By the banks of the Congaree River in Columbia, South Carolina, four squat brick kilns sit in a neat row on an unfenced, open lot. Wrapped in rusted metal bands, with patches of moss and wild grass emerging from their domed roofs, it’s evident their days of function are long gone—a point further underlined by the shiny new apartment complex next door. When it comes to urban development, however, these kilns have actually overpaid their dues: they’re all that remains of a 19th-century brick-making empire responsible for much of the state’s early urban development.
Guignard Brick Works is a historic industrial site that pays homage to one of the longest-operating brick companies in U.S. history. While their bricks can still be seen in prominent buildings across the South, this free, public historic complex offers visitors a rare opportunity to see how the bricks themselves were made in the early industrial South.
Hauling silt from the banks of the nearby river, James Guignard (1780–1856) first fired bricks on this site in 1801, on land that was previously his father’s plantation. By the mid-1800s, James and his son began producing bricks commercially. After a brief pause during the Civil War, the Guignards continued apace, such that by the 1890s, the family-owned business was producing some 2 million bricks annually.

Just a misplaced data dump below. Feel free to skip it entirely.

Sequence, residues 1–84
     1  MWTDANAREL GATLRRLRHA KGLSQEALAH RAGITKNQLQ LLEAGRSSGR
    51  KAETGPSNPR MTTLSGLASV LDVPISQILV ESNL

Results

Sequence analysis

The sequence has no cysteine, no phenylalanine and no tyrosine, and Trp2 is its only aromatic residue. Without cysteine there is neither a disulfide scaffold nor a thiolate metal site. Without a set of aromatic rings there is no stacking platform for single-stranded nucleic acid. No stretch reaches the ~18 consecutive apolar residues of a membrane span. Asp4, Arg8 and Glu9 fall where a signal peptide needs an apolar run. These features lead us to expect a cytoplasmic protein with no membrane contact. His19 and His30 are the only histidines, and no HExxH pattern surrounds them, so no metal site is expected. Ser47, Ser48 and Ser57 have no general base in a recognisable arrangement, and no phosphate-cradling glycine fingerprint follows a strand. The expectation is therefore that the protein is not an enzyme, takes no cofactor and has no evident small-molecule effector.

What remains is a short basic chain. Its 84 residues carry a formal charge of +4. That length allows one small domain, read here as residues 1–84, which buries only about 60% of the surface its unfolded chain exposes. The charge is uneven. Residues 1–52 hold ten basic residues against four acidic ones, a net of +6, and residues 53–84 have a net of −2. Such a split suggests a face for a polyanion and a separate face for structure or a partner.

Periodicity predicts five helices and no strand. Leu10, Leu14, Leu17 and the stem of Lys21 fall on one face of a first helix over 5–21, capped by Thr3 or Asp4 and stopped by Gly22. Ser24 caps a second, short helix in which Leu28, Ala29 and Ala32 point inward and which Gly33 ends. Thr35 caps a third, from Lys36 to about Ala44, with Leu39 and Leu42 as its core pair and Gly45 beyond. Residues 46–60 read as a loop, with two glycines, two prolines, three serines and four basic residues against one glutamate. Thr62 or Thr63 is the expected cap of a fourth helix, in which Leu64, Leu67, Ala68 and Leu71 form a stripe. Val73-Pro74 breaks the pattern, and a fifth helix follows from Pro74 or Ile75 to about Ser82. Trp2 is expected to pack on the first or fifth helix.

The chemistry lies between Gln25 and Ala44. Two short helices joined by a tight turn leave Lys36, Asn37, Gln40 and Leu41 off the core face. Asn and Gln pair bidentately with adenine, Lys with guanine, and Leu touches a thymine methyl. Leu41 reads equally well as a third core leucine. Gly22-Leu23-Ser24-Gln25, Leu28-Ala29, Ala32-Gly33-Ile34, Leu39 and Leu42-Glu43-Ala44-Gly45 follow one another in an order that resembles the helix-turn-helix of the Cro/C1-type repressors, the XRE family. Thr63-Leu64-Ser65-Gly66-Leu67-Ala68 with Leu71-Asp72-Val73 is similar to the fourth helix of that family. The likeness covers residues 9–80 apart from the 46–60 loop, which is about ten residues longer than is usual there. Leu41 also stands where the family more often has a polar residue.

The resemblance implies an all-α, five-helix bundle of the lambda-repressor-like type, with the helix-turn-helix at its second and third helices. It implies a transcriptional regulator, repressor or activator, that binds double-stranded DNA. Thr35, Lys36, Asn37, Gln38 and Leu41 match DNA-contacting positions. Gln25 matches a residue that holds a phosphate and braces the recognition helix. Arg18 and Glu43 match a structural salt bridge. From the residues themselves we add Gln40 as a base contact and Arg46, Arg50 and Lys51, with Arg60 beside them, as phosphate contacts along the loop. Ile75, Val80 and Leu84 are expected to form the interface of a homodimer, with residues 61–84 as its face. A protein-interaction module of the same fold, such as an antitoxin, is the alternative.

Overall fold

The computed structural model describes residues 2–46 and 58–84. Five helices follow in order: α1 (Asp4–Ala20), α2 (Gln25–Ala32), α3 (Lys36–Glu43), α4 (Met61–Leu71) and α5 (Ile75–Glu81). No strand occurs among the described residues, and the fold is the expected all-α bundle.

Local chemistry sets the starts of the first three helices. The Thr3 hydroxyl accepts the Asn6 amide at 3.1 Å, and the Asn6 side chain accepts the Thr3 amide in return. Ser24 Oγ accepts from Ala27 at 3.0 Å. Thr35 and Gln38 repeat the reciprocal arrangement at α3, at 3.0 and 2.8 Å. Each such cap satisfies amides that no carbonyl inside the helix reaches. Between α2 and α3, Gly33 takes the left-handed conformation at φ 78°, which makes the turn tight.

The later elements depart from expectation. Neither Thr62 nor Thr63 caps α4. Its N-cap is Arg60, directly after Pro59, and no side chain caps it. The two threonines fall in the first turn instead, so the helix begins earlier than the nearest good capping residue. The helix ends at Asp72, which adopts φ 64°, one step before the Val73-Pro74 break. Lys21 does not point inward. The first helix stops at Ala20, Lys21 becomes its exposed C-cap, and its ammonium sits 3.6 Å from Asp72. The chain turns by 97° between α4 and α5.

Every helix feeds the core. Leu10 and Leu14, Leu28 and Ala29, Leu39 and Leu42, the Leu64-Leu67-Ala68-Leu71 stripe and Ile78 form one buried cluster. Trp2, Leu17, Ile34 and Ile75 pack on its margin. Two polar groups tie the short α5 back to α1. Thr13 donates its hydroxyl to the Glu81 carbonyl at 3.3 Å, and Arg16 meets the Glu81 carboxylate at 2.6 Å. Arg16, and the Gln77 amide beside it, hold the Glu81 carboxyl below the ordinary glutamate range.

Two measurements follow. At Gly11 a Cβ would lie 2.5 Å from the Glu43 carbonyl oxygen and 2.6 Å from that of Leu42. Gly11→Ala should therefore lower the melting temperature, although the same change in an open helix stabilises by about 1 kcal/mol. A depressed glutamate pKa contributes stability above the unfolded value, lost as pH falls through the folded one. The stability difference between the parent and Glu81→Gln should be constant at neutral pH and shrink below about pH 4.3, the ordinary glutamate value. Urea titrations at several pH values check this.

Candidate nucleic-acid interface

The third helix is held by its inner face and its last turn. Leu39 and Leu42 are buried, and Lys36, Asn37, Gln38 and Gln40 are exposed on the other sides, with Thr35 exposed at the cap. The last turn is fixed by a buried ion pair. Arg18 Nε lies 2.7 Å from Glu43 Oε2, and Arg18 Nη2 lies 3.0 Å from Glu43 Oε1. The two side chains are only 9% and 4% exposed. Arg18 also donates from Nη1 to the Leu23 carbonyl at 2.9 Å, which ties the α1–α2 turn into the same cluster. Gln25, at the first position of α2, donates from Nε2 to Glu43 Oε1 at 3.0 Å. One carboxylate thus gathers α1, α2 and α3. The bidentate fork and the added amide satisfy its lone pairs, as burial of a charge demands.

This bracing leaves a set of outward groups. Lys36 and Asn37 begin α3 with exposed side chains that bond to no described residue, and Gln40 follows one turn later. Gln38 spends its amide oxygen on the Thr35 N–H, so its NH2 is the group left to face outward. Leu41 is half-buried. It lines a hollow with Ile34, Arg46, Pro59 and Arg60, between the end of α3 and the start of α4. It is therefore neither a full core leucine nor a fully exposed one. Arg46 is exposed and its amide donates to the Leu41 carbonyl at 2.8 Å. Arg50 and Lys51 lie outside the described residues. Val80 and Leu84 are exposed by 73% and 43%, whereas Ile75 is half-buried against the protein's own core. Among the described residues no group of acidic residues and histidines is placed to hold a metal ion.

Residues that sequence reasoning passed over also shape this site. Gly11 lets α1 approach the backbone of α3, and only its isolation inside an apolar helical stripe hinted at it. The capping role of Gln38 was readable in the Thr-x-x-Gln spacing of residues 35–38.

The Guignards’ firing process employed ‘beehive’ downdraft kilns. Unlike updraft kilns, in which heat is simply introduced through the bottom of the kiln and exhausted through the top, downdraft kilns introduce and exhaust heat from the bottom of the kiln. With the help of domed roofs, the air circulates throughout the enclosure, evenly hardening each raw brick. To prevent the kilns from exploding at extreme temperatures, the kilns were wrapped in thick metal bands, though this may not have been an entirely fool-proof solution: three of the remaining kilns are from 1920, with the fourth built in the 1930s, “to replace one that burned in 1932,” reads the historical plaque.
The company took a brief pause again during World War I, then continued brick-making into the 1970s when a lack of available silt in the long-abundant Congaree forced them to move operations to Lexington, South Carolina. With bricks still present in the interior of the South Carolina Statehouse and historic factories like nearby Olympia and Capitol City Mills, Guignard Brick Works has much to show for over 180 years of near-continuous operation.
The defunct complex today consists of four kilns, a brick-made office building, and remnants of a rail line that carried silt to and from the Congaree River. Perhaps ironically—if the encroaching condos are any indication—the only factor threatening these historic kilns other than the ravages of time may now be further urban development itself.